I am new to networks. What does it mean when a switch doesn't learn the MAC address of the connected device? And how can VLANs can impact that?

  • The switch learns the MAC address of every frame entering the switch. Each VLAN has its own MAC address table.
    – Ron Maupin
    Mar 23 '20 at 23:23
  • @RonMaupin Does this mean that if we have different vlan configured on the switch port and different vlan on the ethernet port of an access point in my case that this is the reason for not learning?
    – Portwolf1982
    Mar 23 '20 at 23:33
  • A switch with two VLANs will have two MAC addresses tables, but every frame entering the switch will update one of the MAC address tables, but only the one that is for the VLAN of the interface where the frame entered the switch.
    – Ron Maupin
    Mar 23 '20 at 23:35

A switch has a MAC address table for each VLAN, and the switch will populate the MAC address table of the VLAN with the source MAC address of any frame entering the switch on an interface in that VLAN.

You did not specify the switch model, so we cannot tell you specifically how to see the MAC address table. On a Cisco switch, the show mac-address-table command will show all the entries for all the MAC address tables, but other vendors may do it differently.

Also, MAC address table entries will time out, so if the switch has not seen any frames from a particular host in a while, the MAC address table entry for that host will time out of the table.

In your comment, you explain that you have another bridge (switches and WAPs are bridges). If a host on your WAP sends frames to another host on the WAP, the switch will not see those frames, so it will not have an entry in its MAC address table for those hosts. It is only when a host on the WAP sends a frame that enters the switch that the switch will create an entry for the MAC address of the host. The switch interface for the WAP could have multiple MAC addresses associated with it in the switch MAC address table if multiple hosts on the WAP send frames into the switch, but the key is that the switch must see at least one frame for a host enter the switch during its timeout period for you to see the MAC address in its MAC address table.

The bridges will not normally have MAC address table entries for other bridges because the bridges do not originate traffic, so the frames will not have the source MAC address associated with the bridge. Bridges normally forward frames transparently. A WAP must translate the Wi-Fi frames into ethernet frames, and vice versa, but it preserves the original host source and destination MAC addresses of the original frames on the translated frames.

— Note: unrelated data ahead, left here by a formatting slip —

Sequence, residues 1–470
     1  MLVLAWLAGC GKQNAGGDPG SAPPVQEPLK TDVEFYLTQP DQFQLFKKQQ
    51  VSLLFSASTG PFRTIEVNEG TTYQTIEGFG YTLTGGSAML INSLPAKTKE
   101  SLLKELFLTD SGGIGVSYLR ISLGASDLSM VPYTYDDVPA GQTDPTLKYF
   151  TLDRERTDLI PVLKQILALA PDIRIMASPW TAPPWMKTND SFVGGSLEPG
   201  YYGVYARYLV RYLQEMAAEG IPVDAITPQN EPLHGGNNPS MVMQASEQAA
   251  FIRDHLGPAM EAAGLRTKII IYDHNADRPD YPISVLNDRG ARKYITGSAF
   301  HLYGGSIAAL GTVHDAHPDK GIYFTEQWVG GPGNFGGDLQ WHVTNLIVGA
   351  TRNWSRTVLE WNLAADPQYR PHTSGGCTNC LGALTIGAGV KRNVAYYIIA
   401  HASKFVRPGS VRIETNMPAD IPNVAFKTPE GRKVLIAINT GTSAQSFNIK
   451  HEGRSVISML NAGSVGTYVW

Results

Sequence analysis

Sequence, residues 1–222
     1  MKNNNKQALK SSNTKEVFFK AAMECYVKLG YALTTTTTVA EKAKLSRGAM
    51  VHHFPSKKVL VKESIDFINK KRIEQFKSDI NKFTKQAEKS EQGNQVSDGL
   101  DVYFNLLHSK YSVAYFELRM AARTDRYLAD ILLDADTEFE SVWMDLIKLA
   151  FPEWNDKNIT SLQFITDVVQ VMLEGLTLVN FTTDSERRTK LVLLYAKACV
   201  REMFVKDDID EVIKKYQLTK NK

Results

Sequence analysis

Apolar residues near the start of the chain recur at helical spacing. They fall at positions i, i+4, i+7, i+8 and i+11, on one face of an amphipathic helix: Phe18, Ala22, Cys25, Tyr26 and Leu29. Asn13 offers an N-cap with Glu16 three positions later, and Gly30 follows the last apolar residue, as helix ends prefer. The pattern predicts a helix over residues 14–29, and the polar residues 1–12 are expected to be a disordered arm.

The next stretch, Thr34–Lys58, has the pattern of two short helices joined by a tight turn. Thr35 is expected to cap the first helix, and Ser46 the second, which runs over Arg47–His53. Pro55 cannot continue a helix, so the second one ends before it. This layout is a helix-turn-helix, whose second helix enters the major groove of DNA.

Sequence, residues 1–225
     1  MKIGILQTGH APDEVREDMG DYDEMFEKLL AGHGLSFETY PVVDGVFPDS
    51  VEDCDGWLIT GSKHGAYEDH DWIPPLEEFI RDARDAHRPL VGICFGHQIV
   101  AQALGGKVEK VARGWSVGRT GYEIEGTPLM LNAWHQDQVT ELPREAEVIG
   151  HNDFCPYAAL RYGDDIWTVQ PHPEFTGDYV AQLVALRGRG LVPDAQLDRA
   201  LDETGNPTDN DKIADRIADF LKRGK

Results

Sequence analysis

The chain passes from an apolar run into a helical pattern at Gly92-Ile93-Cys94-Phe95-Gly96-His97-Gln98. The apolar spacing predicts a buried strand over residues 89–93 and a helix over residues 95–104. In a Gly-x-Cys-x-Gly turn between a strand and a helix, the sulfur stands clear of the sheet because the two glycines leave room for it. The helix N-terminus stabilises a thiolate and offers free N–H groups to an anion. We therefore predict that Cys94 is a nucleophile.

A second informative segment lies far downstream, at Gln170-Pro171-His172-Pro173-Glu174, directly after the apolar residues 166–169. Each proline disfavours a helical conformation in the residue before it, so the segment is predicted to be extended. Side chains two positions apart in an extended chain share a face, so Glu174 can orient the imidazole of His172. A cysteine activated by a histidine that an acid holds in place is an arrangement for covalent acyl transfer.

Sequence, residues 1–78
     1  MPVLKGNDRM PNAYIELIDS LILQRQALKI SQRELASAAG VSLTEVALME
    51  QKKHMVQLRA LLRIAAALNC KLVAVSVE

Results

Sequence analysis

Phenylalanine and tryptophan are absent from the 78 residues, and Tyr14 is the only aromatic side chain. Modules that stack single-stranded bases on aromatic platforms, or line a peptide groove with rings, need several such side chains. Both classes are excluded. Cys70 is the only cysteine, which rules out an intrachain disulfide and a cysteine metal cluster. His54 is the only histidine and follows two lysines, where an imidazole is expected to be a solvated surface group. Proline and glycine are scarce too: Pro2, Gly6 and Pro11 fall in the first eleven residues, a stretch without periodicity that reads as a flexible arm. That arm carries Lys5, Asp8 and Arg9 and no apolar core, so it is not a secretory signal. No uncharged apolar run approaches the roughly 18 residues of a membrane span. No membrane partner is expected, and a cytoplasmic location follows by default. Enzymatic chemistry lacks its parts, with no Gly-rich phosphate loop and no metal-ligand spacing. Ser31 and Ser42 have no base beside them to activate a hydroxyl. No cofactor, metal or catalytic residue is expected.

• Thank you for your thorough explanation. One last question. If for example a port of the switch is access port to X VLAN and the port of the AP is manually configured to use Y vlan will the port of the switch , will the switch learn MAC address of the AP on that port? Mar 24 '20 at 17:28
  • No, the WAP is a bridge, and bridges do not normally generate frames with the bridge as the source address. That may happen if the bridge is managed and it is contacted via its management interface, the the switch could learn the MAC address of the bridge management interface. Standard bridging does not alter the source address on a frame, and bridges learn from the source address on the frame.
    – Ron Maupin
    Mar 24 '20 at 17:32
  • To be more precise. Switch Port A vlan 301 (native vlan) and AP Port A( MGMT vlan 303). Would it be possible to learn MAC with that setup? Mar 24 '20 at 17:38
  • Only if frames from the WAP management interface enter the switch. The WAP will not just send frames with its source address on its own, it will take someone connecting to the the WAP management interface from the switch side of the WAP.
    – Ron Maupin
    Mar 24 '20 at 17:39
  • Thank you again for you time and precise answers Mar 24 '20 at 17:55

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